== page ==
The fourth novel in the series features main characters Jamie and Claire trying to settle in the North Carolina foothills in the late 18th century.
But author Diana Gabaldon said it was likely to make more financial sense to use the Scottish mountains for the filming of those scenes because Outlander’s base is in central Scotland.
A vast warehouse complex in Cumbernauld has been taken over by the show since production began in 2013.
The show, which saw Scotland stand in for various locations in France in its second season, has been uprooted to South Africa for the filming of Caribbean scenes.
Speaking during a visit to the National Museum of Scotland, Ms Gabaldon said: All of the books have at least one foot in Scotland. The interiors could be filmed almost anywhere. They have more than doubled the size of the studio in Scotland since the first season.
“It’s astonishing to walk through the studio in Cumbernauld. There are about 75 people working in the costume department and the props department is equally amazing.
“I don’t know for sure where the fourth season will be filmed, but a great deal of the fourth book is set in North Carolina and many of the Scottish Highlanders who settled there felt that it looked like Scotland, which in turn means Scotland looks a lot like North Carolina.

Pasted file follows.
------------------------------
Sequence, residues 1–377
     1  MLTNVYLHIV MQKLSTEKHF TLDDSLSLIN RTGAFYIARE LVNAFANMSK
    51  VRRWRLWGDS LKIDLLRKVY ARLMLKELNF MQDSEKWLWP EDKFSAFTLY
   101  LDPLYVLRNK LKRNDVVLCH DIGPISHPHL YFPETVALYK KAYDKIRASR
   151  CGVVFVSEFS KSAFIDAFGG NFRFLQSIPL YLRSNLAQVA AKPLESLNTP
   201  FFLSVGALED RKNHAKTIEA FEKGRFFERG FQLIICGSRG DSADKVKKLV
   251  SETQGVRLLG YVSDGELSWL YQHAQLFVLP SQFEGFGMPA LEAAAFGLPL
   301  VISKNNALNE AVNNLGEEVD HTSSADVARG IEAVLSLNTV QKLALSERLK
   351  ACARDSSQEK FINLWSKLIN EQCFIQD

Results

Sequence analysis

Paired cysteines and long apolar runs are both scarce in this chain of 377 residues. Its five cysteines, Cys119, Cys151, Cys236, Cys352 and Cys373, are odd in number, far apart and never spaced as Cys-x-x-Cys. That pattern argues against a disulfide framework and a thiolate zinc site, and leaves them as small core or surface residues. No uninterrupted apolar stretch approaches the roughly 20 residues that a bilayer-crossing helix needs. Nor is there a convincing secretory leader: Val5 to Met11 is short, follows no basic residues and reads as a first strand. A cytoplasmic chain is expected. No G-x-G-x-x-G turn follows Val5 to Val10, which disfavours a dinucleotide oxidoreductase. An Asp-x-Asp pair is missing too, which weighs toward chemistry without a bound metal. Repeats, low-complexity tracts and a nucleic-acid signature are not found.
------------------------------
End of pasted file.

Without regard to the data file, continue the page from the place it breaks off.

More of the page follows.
“It makes sense to film in Scotland because they have the studio facility and around 250 crew and technicians who live and work in Scotland. Filming on each series goes on for around nine months solidly.
“To begin with, I had no idea whether Outlander would be filmed in Scotland, but luckily Sony decided that it should be. It was a good decision because Scotland is an important character in the show.”
Drummond Gardens in Perthshire, Gosford House in East Lothian, Glasgow Cathedral and Dysasrt Harbour in Fife stood in for locations in France in the second series of Outlander.
Season three of the show is due to go on air in September.